This is a scaled down version of a “Shark Tank” learning cycle I do. It gives you the outline without getting into the specifics. Having done this several times with students, there are a lot of different ways it could go, depending on your timelines. I will often drift into politics, capitalism vs. socialism – which leads into conversations about current events (increase in minimum wage, housing boom, wants vs. needs).
- Discuss the difference between “Goods” & “Services”
- Discuss “Supply & Demand”
- revenue (gross) vs profit (net),
- With the goal of selling something in the student’s home school, think of a good or service that they could sell for an upcoming event (e.g, Christmas, valentine’s day, graduation).
- List as many ideas as you can. Split them into goods and services
- Some samples of what my students have come up with E.g., hot chocolate, open gym, candy canes, valentine’s, school merchandise, movie in library, Stationary Supply in each homeroom available for purchase from teacher. Proceeds go to school.
When you start a business, you need to look at the market in which you are entering. Your task for this element is to analyze your industry (school demographics).
- Can use SCAMPERto discuss what has been done before, whats worked or hasn’t worked and then tweak to fit the desired event.
- Supply & Demand: This depends on many factors
- Demand considerations: E.g., Age, Sex, Local. others?
- Local (Time and space): TIME: E.g,. In winter, what types of events would be in higher demand (e.g., indoor events, hot chocolate). SPACE/Location: what is in scarcer supply in school? Junk food? Computers? Free time?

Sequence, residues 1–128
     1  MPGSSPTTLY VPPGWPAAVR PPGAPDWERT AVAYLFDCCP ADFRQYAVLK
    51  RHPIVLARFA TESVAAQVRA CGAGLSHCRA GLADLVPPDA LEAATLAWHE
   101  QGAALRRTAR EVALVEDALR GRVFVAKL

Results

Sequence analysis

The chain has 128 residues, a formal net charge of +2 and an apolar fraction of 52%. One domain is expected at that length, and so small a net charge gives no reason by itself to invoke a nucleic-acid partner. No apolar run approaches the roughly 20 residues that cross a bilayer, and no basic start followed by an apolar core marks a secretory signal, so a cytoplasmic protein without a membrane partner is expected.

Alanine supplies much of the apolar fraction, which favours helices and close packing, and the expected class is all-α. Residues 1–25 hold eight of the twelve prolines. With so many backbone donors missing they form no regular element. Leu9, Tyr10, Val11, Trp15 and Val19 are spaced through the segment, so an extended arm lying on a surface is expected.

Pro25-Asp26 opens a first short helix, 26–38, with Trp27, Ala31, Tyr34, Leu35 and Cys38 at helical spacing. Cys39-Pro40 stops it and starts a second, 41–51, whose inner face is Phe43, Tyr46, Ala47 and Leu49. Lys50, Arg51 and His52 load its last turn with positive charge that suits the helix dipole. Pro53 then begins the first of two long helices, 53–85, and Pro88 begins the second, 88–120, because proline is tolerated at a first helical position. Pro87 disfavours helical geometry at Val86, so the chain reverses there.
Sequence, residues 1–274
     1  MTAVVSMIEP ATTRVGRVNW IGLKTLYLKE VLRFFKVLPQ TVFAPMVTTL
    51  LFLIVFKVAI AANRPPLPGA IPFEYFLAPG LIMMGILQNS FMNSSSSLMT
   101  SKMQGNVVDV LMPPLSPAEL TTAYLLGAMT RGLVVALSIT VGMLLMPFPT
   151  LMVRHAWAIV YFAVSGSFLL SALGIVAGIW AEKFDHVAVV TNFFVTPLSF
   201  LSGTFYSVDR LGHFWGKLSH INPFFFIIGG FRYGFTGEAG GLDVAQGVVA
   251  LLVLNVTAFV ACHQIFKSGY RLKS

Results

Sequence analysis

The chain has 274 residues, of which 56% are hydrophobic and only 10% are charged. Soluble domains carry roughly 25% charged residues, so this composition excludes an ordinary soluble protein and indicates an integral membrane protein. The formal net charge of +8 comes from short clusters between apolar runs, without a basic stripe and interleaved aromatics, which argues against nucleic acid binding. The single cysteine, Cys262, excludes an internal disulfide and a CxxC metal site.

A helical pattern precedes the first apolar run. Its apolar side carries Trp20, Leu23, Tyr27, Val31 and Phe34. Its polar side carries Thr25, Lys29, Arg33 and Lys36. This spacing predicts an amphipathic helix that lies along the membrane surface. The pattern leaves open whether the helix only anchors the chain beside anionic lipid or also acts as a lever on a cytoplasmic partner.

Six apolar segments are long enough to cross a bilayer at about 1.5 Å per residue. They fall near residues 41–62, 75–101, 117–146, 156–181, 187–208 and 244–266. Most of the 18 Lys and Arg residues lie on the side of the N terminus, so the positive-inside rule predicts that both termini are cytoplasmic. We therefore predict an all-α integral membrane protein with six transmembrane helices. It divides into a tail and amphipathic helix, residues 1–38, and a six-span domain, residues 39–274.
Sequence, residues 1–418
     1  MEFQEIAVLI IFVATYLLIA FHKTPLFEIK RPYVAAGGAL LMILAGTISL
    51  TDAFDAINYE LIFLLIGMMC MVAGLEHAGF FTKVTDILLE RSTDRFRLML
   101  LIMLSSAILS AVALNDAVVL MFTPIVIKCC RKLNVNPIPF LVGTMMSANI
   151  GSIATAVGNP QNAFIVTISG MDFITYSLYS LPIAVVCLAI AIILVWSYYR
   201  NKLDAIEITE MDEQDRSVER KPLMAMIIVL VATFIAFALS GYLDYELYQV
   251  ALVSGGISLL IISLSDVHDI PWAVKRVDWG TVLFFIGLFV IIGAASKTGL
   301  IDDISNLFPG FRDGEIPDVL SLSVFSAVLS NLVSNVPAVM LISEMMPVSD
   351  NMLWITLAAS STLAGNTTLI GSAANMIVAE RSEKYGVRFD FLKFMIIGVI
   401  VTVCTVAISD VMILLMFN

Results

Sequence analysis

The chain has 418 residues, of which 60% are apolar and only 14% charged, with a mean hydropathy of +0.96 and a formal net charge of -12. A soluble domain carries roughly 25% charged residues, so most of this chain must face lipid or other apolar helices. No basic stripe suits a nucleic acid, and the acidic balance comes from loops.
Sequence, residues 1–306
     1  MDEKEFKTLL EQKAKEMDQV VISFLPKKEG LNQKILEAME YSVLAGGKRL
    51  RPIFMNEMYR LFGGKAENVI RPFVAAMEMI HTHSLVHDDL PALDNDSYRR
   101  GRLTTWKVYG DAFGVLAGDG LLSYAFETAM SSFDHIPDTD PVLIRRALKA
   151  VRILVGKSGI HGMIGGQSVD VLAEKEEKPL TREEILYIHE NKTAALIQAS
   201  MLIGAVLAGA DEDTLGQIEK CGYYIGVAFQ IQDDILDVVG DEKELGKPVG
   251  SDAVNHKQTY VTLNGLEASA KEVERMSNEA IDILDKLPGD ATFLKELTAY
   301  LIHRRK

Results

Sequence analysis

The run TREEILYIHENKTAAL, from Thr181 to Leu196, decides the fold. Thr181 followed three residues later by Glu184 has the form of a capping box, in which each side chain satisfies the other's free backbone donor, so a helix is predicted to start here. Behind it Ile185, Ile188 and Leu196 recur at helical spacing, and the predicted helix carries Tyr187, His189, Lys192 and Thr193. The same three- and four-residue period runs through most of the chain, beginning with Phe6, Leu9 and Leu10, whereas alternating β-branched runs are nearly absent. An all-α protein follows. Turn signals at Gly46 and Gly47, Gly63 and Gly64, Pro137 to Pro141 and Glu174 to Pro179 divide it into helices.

- Sex/Gender: Raffle tickets for a video game might be in higher demand for boys.
- Age: E.g., Fidget toys might be more popular with kids than teachers.
How much will each individual item cost? What will you sell it for? How many will you sell? What is your projected revenue? Profit? Costs?
||profit per item
What might your Shark ask?
If the Principal is your “Shark” invite them in to discuss all of their considerations: safety, chaos, mess, teacher time, hall congestion, health, permission forms, etc…The principal will likely ask where the money will be going to (field trips, technology, etc..)
Create a Business Plan
Now that you know what you’re selling, a successful business needs a plan to follow. Develop a business plan that outlines what your business will do, your staffing needs (labor), your sales and marketing approach and how much start-up financing you will need (how much $$ to start everything). Once you have your business plan, you can follow it to create your successful business and use your business plan to interest investors in your company (aka the “Sharks”)
Questions to answer
- Company name
- Product name
- Product: Are you providing goods or a services?
- Who is your target audience (don’t say everybody!)
- What words would you associate with your brand?
- What would you pay for your product?
- Where/how would you sell your product?
- What would be some of your expenses as a business (what do you need to buy before you can sell? Would you need a loan from the school?)
- Who would you need to hire (set up crew, clean up crew, money counters, teacher supervisor)?
In this case, keep your Principal in mind. What would they consider most important (safety, staffing, lack of chaos, not disrupting the school day, etc…)
How will you get people to know your business exists, how will you market your product/service and advertise it to your target audience? This could be part of your business plan but if it is not you MUST include some marketing and advertising strategies in this project.
- Signs, announcements, school Twitter or Facebook pages, school website?
- How will you make your product seem attractive? Research successful sales techniques and try to implement them (catch phrase, make it seem cool, limited time only, bargain, etc…)
Your Business Proposal (the Pitch)
You and your group will be creating a business proposal. In this proposal you will include all of the elements listed above. Research what makes a successful business proposal (body language, key phrases, being prepared, enthusiasm, etc…). Be creative & good luck!
Resources (some places to start)